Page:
August 28, 2018 Comments Off on Nuns charged in Smyllum Park child abuse investigation, The ghosts of St. Joseph’s orphanage: BuzzFeed News reveals extent of child abuse
“In the United States, however, no such reckoning has taken place. Even today the stories of the orphanages are rarely told and barely heard, let alone recognized in any formal way by the government, the public, or the courts. The few times that orphanage abuse cases have been litigated in the US, the courts have remained generally indifferent. Private settlements could be as little as a few thousand dollars. Government bodies have rarely pursued the allegations.”
Nuns charged in Smyllum Park child abuse investigation
Police examining claims of abuse over decades at Catholic home charge 12 people Severin Carrell Scotland editor
Thu 23 Aug 2018
Police in Scotland have arrested and charged nuns and a number of other former staff in an investigation into alleged child abuse at a Catholic children’s home.
The nuns are among 12 people who have been charged by detectives investigating detailed allegations of systematic physical and sexual abuse of children over many decades at Smyllum Park in Lanark.
Police Scotland said another four former staff at the Catholic institution would be reported to the Crown Office, Scotland’s prosecution service, later on Thursday.
The force would not release any further details about the identities of those charged or the offences they face, pending final decisions by prosecutors.
“Twelve people, 11 women and one man, ages ranging from 62 to 85 years, have been arrested and charged in connection with the non-recent abuse of children,” it said….
The allegations of abuse at Smyllum Park, including unsubstantiated claims of “satanic” rituals at the home, have been at the centre of a long-running official public inquiry into child sexual abuse at children’s homes in Scotland.
The Scottish child abuse inquiry (SCAI) has been told by former residents that lay staff and nuns at the home, run by the Daughters of Charity of St Vincent de Paul until it closed in 1981, repeatedly beat and punched them, verbally abused and humiliated them for wetting beds and left them without food and that some male and female staff sexually abused the children in their care.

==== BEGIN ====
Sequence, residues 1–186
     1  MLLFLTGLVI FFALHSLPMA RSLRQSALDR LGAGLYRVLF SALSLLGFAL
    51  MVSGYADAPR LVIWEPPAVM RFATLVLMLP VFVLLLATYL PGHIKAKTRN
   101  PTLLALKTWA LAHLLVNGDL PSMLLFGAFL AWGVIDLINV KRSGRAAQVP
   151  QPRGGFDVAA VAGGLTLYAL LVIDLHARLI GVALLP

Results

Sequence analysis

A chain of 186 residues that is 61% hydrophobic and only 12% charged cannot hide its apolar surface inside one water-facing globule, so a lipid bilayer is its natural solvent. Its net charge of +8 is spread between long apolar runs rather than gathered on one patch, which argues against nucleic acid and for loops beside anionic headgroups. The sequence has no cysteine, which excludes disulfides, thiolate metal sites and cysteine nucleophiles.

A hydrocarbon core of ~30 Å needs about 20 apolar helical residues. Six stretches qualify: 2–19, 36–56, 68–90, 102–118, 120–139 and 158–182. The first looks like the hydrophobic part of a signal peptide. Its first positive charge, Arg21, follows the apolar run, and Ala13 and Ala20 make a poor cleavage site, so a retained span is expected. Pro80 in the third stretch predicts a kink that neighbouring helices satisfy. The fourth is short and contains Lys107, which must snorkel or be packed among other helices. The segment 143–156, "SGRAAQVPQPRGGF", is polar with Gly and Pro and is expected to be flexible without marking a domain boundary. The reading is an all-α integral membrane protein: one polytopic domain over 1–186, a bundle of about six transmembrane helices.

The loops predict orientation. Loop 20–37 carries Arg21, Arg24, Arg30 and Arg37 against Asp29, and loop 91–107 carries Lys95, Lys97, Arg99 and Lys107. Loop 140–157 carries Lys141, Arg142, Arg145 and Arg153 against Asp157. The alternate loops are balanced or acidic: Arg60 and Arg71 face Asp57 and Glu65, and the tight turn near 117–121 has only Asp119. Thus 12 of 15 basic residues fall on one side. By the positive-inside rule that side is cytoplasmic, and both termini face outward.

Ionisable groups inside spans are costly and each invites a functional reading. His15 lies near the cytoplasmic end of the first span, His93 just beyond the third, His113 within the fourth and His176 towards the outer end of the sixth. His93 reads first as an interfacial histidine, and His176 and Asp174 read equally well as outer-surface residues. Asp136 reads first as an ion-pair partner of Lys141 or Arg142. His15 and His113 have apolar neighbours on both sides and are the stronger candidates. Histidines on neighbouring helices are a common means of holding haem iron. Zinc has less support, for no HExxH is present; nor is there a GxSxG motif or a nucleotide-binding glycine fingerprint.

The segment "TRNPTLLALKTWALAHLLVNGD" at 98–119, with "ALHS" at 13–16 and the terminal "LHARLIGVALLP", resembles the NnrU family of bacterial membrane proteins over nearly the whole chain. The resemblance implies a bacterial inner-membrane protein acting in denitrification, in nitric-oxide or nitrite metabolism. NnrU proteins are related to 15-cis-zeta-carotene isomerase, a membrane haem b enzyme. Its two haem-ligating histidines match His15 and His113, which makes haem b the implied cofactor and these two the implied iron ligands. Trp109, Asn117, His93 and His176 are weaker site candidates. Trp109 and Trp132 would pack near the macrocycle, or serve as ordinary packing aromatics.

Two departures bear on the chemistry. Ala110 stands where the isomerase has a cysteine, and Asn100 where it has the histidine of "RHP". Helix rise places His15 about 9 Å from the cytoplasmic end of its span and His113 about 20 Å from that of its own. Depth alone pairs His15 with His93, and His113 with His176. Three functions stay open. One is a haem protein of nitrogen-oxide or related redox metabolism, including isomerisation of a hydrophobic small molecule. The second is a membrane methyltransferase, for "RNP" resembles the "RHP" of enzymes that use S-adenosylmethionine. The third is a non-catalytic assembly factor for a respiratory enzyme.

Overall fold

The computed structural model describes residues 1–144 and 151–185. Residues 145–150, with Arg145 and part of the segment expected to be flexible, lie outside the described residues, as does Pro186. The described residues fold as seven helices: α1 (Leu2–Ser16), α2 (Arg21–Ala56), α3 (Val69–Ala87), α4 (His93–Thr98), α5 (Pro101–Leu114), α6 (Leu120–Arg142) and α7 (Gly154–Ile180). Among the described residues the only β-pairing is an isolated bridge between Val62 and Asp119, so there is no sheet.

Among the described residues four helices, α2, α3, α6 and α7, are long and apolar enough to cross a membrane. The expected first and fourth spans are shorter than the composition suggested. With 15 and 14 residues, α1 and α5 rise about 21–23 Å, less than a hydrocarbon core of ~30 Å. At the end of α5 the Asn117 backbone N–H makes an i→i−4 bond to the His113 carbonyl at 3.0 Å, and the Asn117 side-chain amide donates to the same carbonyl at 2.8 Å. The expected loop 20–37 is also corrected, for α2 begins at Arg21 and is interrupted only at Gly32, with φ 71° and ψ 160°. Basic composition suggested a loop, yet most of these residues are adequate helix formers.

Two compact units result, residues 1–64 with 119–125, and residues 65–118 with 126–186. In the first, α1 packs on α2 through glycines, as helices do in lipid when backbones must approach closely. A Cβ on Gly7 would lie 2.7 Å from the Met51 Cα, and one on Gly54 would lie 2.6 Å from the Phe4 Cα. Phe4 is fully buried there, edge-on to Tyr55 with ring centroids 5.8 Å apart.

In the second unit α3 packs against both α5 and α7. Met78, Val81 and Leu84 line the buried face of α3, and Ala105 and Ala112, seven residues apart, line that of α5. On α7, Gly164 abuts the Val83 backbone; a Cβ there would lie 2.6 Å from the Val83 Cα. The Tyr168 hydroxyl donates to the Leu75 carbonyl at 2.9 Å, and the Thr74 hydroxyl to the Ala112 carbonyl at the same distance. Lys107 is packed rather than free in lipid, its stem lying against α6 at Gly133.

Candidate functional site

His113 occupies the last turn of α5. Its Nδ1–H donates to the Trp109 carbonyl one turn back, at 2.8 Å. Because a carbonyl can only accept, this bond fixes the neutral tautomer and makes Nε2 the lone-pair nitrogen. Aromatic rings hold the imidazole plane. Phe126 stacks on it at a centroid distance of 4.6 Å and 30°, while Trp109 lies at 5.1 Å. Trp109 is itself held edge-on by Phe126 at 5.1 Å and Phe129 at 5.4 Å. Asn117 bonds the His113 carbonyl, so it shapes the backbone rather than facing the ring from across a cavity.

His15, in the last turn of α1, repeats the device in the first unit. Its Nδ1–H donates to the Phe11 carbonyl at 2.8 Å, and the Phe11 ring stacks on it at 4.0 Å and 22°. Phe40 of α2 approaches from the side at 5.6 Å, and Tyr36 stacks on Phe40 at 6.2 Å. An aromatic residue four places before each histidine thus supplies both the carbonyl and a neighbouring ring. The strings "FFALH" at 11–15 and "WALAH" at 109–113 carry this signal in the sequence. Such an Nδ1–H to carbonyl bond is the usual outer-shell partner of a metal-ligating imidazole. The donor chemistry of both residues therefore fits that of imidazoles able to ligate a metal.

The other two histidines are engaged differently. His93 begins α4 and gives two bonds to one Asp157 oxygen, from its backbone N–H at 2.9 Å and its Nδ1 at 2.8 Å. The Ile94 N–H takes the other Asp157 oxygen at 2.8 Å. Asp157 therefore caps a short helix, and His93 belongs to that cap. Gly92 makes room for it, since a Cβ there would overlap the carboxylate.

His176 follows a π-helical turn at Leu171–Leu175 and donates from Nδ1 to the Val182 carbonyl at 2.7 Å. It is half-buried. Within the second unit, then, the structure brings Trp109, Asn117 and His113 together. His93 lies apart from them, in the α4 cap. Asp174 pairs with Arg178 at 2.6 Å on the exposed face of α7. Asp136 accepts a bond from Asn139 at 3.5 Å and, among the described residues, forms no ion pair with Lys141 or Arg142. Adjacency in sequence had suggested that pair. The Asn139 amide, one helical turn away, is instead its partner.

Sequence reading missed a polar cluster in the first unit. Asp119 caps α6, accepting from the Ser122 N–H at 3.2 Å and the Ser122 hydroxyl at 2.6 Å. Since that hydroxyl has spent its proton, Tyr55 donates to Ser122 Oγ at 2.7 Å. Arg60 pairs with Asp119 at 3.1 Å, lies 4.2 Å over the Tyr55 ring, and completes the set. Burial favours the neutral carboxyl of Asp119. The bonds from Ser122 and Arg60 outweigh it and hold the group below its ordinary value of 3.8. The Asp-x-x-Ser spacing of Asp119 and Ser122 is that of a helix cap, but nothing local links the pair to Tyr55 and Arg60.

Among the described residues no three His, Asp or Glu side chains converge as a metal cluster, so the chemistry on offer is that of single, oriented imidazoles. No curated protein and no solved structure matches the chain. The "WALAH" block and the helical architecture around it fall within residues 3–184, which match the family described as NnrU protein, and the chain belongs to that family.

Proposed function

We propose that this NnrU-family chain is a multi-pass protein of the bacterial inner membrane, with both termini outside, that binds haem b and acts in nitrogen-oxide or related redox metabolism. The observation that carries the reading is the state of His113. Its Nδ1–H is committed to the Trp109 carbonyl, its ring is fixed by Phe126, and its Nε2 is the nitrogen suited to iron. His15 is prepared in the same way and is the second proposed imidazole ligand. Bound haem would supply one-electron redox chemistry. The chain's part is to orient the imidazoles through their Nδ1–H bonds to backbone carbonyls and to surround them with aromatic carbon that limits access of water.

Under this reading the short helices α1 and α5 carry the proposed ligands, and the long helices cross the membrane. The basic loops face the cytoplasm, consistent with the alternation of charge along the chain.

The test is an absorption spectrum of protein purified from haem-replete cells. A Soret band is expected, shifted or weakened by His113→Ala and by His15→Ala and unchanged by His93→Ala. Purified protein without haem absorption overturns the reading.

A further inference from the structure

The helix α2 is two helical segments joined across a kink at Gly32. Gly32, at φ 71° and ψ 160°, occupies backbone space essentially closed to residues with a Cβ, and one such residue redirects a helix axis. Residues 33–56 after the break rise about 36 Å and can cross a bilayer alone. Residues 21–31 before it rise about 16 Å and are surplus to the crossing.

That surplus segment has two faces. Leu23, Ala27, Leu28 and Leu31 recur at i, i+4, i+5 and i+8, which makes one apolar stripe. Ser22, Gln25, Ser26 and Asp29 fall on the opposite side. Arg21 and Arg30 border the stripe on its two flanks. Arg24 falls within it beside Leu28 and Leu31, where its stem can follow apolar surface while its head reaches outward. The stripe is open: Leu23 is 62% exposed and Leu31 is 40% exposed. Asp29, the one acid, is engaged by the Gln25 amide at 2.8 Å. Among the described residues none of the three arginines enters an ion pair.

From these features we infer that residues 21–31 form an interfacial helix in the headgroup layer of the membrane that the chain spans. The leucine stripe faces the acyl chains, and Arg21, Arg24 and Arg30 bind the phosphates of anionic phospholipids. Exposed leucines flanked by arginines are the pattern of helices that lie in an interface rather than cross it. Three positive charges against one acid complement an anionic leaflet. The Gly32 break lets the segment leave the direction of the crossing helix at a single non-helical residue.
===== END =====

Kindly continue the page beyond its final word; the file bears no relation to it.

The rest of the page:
It is alleged that at least one child, a boy aged six, died as a result of a severe beating that prevented him from recovering from an infection some days later.
Gregor Rolfe, a lawyer for the Daughters of Charity, told the SCAI last year that one male former member of staff may have sexually abused children whom he took on holidays. Those allegations were reported to nuns but not passed to the police….
The families of former residents were horrified to discover that the remains of up to 400 children were buried in a large plot of unmarked graves in a cemetery nearby.
More than 11,000 children were placed at Smyllum Park from its opening in 1864 to its eventual closure 117 years later. Some were orphaned, but others were from families unable to look after them. Death certificates revealed that many of the children died from tuberculosis, pneumonia and pleurisy.
Smith is expected to release a special preliminary report on Smyllum Park in coming weeks. Her full report is not expected until some time after October 2019.
The Scottish Daily Mail reported on Thursday that police had also begun a separate investigation into the Sisters of Nazareth, another Catholic order that ran children’s homes that are under scrutiny by Smith’s inquiry.
The ghosts of St. Joseph’s orphanage: BuzzFeed News reveals extent of child abuse
Christine Kenneally, BuzzFeed Aug. 27, 2018
In the 1990s, Burlington Free Press journalists including Sam Hemingway reported extensively on allegations of child abuse by former residents of St. Joseph’s Orphanage in Burlington. Two decades later, Christine Kenneally, a reporter for the online news site BuzzFeed News, has spent four years revisiting the scandal of child abuse at Catholic orphanages around the United States.
Much of Kenneally’s report focuses on abuse at the Burlington orphanage, which was located on North Avenue. With BuzzFeed News’ permission, the Free Press publishes this excerpt.